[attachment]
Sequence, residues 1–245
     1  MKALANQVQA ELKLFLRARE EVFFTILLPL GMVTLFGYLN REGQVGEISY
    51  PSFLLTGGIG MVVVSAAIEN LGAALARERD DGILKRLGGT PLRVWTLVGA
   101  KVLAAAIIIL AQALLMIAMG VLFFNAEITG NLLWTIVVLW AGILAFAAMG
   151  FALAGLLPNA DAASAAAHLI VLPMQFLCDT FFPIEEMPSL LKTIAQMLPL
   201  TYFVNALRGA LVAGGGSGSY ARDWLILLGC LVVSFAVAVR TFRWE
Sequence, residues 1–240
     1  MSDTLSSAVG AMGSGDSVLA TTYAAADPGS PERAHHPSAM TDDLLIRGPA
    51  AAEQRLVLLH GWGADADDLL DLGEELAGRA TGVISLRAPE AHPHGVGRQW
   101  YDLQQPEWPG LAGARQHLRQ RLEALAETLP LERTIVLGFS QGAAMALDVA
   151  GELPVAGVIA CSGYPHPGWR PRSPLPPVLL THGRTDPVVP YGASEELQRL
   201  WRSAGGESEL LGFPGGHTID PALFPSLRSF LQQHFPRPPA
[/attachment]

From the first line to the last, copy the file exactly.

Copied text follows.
Sequence, residues 1–245
     1  MKALANQVQA ELKLFLRARE EVFFTILLPL GMVTLFGYLN REGQVGEISY
    51  PSFLLTGGIG MVVVSAAIEN LGAALARERD DGILKRLGGT PLRVWTLVGA
   101  KVLAAAIIIL AQALLMIAMG VLFFNAEITG NLLWTIVVLW AGILAFAAMG
   151  FALAGLLPNA DAASAAAHLI VLPMQFLCDT FFPIEEMPSL LKTIAQMLPL
   201  TYFVNALRGA LVAGGGSGSY ARDWLILLGC LVVSFAVAVR TFRWE
Sequence, residues 1–240
     1  MSDTLSSAVG AMGSGDSVLA TTYAAADPGS PERAHHPSAM TDDLLIRGPA
    51  AAEQRLVLLH GWGADADDLL DLGEELAGRA TGVISLRAPE AHPHGVGRQW
   101  YDLQQPEWPG LAGARQHLRQ RLEALAETLP LERTIVLGFS QGAAMALDVA
   151  GELPVAGVIA CSGYPHPGWR PRSPLPPVLL THGRTDPVVP YGASEELQRL
   201  WRSAGGESEL LGFPGGHTID PALFPSLRSF LQQHFPRPPA